Donors and other funders want to know the quickest ways to ensure their dollars have the biggest impact during this challenging time. In his recent article in the New York Times, Paul Sullivan made the following observation: “The coronavirus pandemic is a test of how philanthropists can use their wealth to fill an enormous gap in revenue for nonprofit groups.”
“There is an immediate need to fund nonprofit organizations that support people in health or economic distress because of the outbreak. But these groups are asking for money from the same people who have seen their investments yo-yo up and down over the past weeks.”
To add to the challenge, few of these nonprofit groups have reserve funds to sustain them through a long period of uncertainty. Sullivan asked more than a dozen philanthropists how their giving has changed during this difficult time. In his article, he lists several strategies these donors identified for making the most of their giving.
»Santa Barbara Foundation joins forces to form a 19-member collaborative to respond to nonprofit challenges
Jackie Carrera, Interim CEO of Santa Barbara Foundation, related this encouraging update regarding the new COVID-19 Joint Response Effort. She is clear-minded and focused on finding the best ways for the foundation to meet current community needs.
“The Joint Response Effort began with the Santa Barbara Foundation and the United Way of Santa Barbara County (UWSBC) joining forces to activate our Community Disaster Relief Fund. This joint effort would build on a partnership that developed during the Thomas Fire and subsequent debris flow during which the UWSBC adeptly provided financial assistance to individuals and families and the Santa Barbara Foundation to nonprofits for emergency response and recovery.
“Recently, while initiating this partnership again, we approached the Hutton Parker Foundation to join us with funding to support organizations’ operating needs. Within days, several other members of the Foundation Roundtable stepped up to join what is now a 19-member funders’ collaborative. This group brings not only financial resources but extensive knowledge, information and, most of all compassion with their willingness to align efforts so that our community receives the best of what we all have to offer in response to the impacts of the COVID-19 pandemic. It’s an honor to be a part of it.”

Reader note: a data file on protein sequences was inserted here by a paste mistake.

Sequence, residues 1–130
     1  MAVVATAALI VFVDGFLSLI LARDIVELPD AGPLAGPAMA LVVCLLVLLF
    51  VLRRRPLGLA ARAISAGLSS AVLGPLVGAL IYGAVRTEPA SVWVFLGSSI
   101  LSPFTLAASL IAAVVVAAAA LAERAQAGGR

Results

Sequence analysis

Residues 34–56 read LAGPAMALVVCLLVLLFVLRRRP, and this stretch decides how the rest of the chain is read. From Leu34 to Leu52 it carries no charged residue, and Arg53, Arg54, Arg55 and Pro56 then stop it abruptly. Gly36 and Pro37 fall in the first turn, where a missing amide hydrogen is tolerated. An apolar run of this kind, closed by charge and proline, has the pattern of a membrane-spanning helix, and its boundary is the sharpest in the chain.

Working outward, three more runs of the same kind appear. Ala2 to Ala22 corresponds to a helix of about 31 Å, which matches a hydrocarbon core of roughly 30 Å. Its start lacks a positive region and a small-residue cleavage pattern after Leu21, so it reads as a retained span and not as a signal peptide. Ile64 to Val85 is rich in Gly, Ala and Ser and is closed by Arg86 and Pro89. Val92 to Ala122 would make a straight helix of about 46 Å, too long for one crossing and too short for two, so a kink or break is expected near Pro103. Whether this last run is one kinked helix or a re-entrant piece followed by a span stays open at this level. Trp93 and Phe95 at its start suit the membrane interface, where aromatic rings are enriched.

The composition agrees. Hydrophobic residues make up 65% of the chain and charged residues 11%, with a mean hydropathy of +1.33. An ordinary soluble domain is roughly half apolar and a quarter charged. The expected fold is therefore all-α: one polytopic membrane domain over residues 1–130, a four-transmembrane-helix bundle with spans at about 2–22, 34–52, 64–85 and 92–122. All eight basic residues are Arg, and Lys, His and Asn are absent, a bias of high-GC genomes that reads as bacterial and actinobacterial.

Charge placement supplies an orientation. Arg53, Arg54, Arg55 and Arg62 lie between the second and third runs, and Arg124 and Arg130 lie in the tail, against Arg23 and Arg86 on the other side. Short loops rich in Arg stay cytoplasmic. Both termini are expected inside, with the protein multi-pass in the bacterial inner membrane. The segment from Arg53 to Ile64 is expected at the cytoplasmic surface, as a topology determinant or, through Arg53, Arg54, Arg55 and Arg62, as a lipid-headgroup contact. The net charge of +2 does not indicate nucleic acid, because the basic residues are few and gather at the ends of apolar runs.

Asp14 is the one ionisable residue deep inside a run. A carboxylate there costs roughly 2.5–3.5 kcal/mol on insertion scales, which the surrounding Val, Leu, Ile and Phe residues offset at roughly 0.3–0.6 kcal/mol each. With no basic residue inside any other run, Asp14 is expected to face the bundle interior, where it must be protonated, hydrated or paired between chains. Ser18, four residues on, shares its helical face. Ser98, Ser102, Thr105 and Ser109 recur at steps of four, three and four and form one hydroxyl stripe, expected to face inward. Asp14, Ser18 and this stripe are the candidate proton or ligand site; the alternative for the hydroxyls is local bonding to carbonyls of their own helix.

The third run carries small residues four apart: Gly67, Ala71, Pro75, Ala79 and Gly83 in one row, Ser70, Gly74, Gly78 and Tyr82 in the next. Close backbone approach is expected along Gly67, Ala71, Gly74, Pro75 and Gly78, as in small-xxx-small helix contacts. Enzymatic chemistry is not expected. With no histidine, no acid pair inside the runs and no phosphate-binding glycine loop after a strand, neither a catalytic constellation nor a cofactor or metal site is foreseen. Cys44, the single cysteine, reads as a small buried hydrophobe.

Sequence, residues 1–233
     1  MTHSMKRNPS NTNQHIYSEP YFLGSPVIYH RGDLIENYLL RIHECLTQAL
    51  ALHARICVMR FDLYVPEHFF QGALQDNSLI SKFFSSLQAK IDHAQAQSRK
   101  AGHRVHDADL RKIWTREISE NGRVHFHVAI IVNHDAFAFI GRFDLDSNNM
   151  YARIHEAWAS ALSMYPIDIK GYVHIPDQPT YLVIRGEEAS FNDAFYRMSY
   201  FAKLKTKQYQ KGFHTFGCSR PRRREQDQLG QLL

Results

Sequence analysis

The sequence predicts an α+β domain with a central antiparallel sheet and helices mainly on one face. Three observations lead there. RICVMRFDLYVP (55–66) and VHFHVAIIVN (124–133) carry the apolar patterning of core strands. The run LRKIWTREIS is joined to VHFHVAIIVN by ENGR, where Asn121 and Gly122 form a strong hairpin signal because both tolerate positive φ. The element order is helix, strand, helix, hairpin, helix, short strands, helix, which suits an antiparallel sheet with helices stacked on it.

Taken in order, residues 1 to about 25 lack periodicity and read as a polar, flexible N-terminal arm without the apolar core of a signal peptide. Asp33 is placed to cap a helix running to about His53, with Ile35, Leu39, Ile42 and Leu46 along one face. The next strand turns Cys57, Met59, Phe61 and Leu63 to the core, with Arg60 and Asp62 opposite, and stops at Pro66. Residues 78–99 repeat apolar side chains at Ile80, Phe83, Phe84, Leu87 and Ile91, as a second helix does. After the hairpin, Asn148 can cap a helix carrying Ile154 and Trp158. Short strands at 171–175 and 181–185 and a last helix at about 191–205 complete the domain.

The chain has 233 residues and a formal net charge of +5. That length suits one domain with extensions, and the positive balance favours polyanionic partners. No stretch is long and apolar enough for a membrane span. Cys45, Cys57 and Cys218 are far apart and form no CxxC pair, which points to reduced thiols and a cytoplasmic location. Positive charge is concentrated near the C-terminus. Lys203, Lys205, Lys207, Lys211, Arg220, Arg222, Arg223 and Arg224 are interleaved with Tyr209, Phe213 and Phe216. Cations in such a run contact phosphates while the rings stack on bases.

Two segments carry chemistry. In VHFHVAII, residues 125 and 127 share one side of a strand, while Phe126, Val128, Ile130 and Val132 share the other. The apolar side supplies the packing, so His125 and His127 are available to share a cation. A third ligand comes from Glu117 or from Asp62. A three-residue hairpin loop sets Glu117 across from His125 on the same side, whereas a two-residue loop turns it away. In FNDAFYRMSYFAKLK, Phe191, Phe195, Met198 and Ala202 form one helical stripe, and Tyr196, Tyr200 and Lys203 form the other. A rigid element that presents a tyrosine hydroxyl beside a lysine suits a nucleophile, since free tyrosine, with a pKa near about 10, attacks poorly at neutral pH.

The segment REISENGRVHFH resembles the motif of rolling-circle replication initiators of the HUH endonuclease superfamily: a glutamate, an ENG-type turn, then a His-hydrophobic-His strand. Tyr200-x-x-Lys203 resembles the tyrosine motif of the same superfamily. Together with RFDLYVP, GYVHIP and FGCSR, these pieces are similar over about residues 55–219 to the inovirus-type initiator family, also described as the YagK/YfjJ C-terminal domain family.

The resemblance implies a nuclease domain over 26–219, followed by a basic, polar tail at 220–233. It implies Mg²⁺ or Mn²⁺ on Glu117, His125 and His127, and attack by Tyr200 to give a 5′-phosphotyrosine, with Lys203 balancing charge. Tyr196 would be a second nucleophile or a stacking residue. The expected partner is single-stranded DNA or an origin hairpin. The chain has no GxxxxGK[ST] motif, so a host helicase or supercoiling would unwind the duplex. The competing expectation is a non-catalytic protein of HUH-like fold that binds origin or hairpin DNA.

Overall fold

»Matching actual community needs with donor contributions reveals true impact of funding.
“Our goal is to create a transparent and inclusive process that is strategic to maximize funding opportunities. 1) The process allows funders to be aware of all the needs that are being requested and the dollars granted, so they can maximize their individual giving and: 2) allows us to track and report more comprehensively the philanthropic dollars that are being put to work during this pandemic.
“Our community’s generous response has been so inspiring. We have well over $2 million pledged. But, between the financial needs expressed by individual, nonprofit, and businesses, we know we will need millions more to keep up. Relief from the federal CARES Act will be welcome, but there are some who can’t wait that long for aid to arrive, or they won’t qualify when it does.”
»You can make donations or submit nonprofit applications at these sites.
To complicate things further, there is no end date for this pandemic and the long-term effect it will have on our communities. Needless to say, we are still actively fundraising. Donations can be made to United Way or Santa Barbara Foundation.
Individuals can seek resources through the United Way. Nonprofits can submit applications via the intake portal at Santa Barbara Foundation. Individual funders may have an application process as well.
We know that during a crisis, especially this one when we are more disconnected than ever, we need to work harder to communicate our needs and connect resources as effectively as possible. One thing we’ve done is to establish a Ways to Help Forum for organizations who have a need for supplies, volunteers, or financial resources to connect with people who have them. Please help us spread the word.